When Tyler and I felled a small sapling to make room in our orchard for a pear tree, we discovered a whole mess of wild grapes tangled in its branches. I was thrilled about the unexpected bounty and felt no remorse about removing them. Grape vines like this are invasive on our land and many a tree has been suffocated by their snaking tendrils.
So, we took a break from orchard-prep to make the most of this wild food discovery. While I began tugging off bunches, Tyler grabbed a five gallon bucket to deposit them in. By the time we'd picked the vines clean, the bucket was overflowing! The tiny blue globes we collected were sweet, tart, and perfectly ripe.
When I carved out an afternoon to take on the project of processing the fruit, I worked at it in stages: first, I washed and separated them from their stems. Then, I covered the grapes with an inch or so of water, and set them on the stove.
They cooked down into a glorious purple mess which I ran through a food mill (borrowed from our dear neighbor, Becky) to separate the skins, seeds, and errant bits of stem. Out of time for the day, I refrigerated the messy result of my labors and vowed to come back to it in the morning.
When I took out the juice for processing the next day, I noticed that it was viscous—too pulpy to make a beautifully clear jelly. So, I strained it through a cloth, and when I was done, I was left with about seven cups of pristine juice, and four cups of pulp.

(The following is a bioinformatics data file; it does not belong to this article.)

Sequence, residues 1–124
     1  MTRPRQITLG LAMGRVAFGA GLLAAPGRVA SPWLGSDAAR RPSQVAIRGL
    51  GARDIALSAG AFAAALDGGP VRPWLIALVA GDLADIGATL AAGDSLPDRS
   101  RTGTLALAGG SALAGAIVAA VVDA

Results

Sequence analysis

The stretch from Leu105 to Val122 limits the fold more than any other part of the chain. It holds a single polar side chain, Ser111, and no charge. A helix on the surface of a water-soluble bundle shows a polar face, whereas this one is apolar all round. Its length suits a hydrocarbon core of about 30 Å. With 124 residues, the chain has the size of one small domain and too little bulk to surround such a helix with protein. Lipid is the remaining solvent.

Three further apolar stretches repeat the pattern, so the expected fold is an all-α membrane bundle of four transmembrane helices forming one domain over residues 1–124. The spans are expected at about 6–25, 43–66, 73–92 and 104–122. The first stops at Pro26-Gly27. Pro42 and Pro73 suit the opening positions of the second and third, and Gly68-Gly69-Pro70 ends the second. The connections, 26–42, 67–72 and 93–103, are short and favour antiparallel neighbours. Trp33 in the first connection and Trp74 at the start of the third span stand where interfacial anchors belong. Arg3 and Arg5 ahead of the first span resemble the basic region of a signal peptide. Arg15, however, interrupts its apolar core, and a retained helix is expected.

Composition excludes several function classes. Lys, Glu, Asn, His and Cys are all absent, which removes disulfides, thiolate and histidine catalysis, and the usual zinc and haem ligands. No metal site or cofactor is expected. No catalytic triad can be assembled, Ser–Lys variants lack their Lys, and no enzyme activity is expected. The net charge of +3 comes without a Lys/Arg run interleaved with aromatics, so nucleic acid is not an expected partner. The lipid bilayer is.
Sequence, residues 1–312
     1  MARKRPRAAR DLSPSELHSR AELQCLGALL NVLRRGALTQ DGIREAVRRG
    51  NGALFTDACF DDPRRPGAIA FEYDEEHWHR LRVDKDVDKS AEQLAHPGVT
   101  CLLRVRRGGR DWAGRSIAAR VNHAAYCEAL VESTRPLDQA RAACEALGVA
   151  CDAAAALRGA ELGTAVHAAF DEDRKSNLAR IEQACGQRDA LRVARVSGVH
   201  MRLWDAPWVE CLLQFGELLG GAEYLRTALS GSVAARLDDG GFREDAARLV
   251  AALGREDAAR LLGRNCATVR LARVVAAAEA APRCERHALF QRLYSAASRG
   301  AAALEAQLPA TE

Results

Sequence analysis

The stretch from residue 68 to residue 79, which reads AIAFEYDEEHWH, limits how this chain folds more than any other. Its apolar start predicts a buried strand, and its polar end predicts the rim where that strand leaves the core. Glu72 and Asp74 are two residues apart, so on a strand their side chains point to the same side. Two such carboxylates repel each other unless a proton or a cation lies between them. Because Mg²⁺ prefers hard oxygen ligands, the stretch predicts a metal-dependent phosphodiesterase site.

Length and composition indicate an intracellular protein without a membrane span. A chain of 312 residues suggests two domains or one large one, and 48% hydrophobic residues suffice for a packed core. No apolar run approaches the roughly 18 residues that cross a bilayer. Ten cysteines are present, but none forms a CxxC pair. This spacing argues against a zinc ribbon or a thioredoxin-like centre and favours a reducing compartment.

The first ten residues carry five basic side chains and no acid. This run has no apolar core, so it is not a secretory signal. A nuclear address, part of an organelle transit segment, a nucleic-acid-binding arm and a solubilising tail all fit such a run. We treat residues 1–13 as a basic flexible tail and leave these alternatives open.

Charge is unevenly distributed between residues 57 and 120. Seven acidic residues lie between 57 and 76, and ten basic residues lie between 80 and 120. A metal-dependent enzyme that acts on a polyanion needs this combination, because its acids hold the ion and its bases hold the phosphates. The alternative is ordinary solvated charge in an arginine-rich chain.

With the clear grape juice, I made jelly two ways. The first was sweetened with sugar to make a gently set, quivering jelly. The second I made with honey and Pomona's Pectin, which made a more gelatinous spread. To both batches, I added tiny pinches of ground cloves and Chinese Five Spice, for a teensy bit of depth and richness.
To the remaining pulp, I added about a third of a cup of local honey and cooked it for awhile on the stove, then spread it on a parchment paper-lined tray. This I baked at my oven's lowest temperature all night, and into the next day. What resulted was the purplest of purple homemade fruit leather (aka fruit roll-ups) I've ever seen.
I'd never made anything like this before—they turned out just like the store-bought kind, only better!
Seeing my finished wild grape products made me smile with sheer delight. Not only were they tasty, but they were triumphs in terms of what they represented to me: these foods were distillations of home, from our own plants, on our own land, picked at the peak of ripeness in this particular southern Vermont season. Talk about terroir!
In addition, I felt overjoyed that I'd had the time, energy, and mental space to take on a project like this at all. Finally, it felt as though we were moving into a phase of life where foraging and making delicious foods from the fruits of own land could be a reality. My homesteading reality was finally on par with my homesteading dreams HOORAY!